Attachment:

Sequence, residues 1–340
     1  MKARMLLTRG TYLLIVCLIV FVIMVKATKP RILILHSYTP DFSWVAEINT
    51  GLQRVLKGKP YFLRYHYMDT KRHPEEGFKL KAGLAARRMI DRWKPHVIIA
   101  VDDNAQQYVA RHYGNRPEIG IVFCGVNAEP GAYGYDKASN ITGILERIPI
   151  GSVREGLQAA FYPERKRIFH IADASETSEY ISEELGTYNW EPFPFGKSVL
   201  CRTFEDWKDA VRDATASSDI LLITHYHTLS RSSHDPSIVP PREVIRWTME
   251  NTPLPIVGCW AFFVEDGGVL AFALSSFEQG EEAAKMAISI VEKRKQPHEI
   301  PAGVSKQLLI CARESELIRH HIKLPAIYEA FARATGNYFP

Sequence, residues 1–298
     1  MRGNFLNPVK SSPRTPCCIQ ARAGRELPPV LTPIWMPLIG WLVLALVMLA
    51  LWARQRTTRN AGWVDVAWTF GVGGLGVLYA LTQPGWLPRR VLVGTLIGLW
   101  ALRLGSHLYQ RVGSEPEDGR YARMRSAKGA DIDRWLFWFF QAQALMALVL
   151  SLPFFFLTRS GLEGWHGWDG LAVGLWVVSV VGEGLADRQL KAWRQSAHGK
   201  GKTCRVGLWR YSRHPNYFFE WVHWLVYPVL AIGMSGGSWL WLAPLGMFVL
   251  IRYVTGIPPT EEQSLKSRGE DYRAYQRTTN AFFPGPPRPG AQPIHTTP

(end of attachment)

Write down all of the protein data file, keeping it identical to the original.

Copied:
Sequence, residues 1–340
     1  MKARMLLTRG TYLLIVCLIV FVIMVKATKP RILILHSYTP DFSWVAEINT
    51  GLQRVLKGKP YFLRYHYMDT KRHPEEGFKL KAGLAARRMI DRWKPHVIIA
   101  VDDNAQQYVA RHYGNRPEIG IVFCGVNAEP GAYGYDKASN ITGILERIPI
   151  GSVREGLQAA FYPERKRIFH IADASETSEY ISEELGTYNW EPFPFGKSVL
   201  CRTFEDWKDA VRDATASSDI LLITHYHTLS RSSHDPSIVP PREVIRWTME
   251  NTPLPIVGCW AFFVEDGGVL AFALSSFEQG EEAAKMAISI VEKRKQPHEI
   301  PAGVSKQLLI CARESELIRH HIKLPAIYEA FARATGNYFP

Sequence, residues 1–298
     1  MRGNFLNPVK SSPRTPCCIQ ARAGRELPPV LTPIWMPLIG WLVLALVMLA
    51  LWARQRTTRN AGWVDVAWTF GVGGLGVLYA LTQPGWLPRR VLVGTLIGLW
   101  ALRLGSHLYQ RVGSEPEDGR YARMRSAKGA DIDRWLFWFF QAQALMALVL
   151  SLPFFFLTRS GLEGWHGWDG LAVGLWVVSV VGEGLADRQL KAWRQSAHGK
   201  GKTCRVGLWR YSRHPNYFFE WVHWLVYPVL AIGMSGGSWL WLAPLGMFVL
   251  IRYVTGIPPT EEQSLKSRGE DYRAYQRTTN AFFPGPPRPG AQPIHTTP